But more importantly for this year, arguably the most important affirmation that we're looking for is the change in the free cash flow profile. We have them swinging to major positive free cash flow acceleration this year. They guided to break-even target for last year. So now, I think we're in a situation where the content pipeline has never been more robust.

They've rebounded quite strongly from the shutdown, the pandemic. And now they're kind of almost on a cruise control. So I think right now, despite the intensely competitive environment, I think the company really is well-positioned to kind of build on this momentum, especially from the international markets like Asia-Pacific, where we expect the bulk of the subscriber growth to come from.

KARINA MITCHELL: Hey, Tuna. It's Karina. Thanks for coming on. Good to see you again. So how does Netflix-- what do they need to do specifically to stay ahead of the competition? Because last year was a pretty bad year for the streaming sector overall. So how did they do that and then also keep investors happy?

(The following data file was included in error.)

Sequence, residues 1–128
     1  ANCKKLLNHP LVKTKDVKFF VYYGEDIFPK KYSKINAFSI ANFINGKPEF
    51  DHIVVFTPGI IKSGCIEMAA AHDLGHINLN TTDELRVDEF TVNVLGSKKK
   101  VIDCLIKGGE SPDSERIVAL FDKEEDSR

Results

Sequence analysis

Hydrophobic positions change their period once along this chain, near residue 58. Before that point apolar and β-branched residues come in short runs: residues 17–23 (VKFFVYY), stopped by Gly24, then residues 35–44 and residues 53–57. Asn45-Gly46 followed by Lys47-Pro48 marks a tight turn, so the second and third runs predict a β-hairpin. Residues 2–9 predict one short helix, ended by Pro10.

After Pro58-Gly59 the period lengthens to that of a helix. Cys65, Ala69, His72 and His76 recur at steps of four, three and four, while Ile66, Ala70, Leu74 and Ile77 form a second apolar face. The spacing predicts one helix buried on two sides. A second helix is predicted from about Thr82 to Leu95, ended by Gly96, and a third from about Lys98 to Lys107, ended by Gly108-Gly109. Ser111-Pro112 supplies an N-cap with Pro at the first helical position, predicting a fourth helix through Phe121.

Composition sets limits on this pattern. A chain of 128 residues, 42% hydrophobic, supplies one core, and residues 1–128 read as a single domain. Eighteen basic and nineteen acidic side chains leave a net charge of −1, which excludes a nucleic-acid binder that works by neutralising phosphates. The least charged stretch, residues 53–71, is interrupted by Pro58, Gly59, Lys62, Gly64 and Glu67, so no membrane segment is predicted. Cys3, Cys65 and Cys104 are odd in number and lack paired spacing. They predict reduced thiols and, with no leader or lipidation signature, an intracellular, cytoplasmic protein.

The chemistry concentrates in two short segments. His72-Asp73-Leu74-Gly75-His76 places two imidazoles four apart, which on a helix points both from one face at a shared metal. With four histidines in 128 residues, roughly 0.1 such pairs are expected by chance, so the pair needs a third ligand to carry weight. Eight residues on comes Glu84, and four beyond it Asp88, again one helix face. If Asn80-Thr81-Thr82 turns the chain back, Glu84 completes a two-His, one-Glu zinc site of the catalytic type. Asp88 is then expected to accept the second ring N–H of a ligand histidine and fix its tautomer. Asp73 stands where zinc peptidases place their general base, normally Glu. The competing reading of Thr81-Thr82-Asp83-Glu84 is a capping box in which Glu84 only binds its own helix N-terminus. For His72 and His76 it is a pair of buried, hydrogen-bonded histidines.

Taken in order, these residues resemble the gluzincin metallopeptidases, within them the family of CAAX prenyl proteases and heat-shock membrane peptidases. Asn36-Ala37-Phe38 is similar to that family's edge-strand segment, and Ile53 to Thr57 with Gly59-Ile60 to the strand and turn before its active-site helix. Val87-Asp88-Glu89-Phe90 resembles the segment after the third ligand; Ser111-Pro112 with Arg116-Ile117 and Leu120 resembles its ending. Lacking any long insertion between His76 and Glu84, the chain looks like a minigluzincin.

TUNA AMOBI: Indeed. Last year was almost like kind of a reset year of sorts. You had several new entrants into the streaming landscape that shook up the market quite tremendously. And then you also had the potential reversal of the stay-at-home trends. You know, as far as Netflix is concerned, I think they're pulling all the right, you know, triggers, right?

They have kept the pedal on the throttle in terms of the content spending. We have been spending north of $20 billion again in content this year versus $17 billion last year. So I know the question, you know, right now is, who are going to be the streaming winners in the streaming wars? I think Netflix would have them as one of those.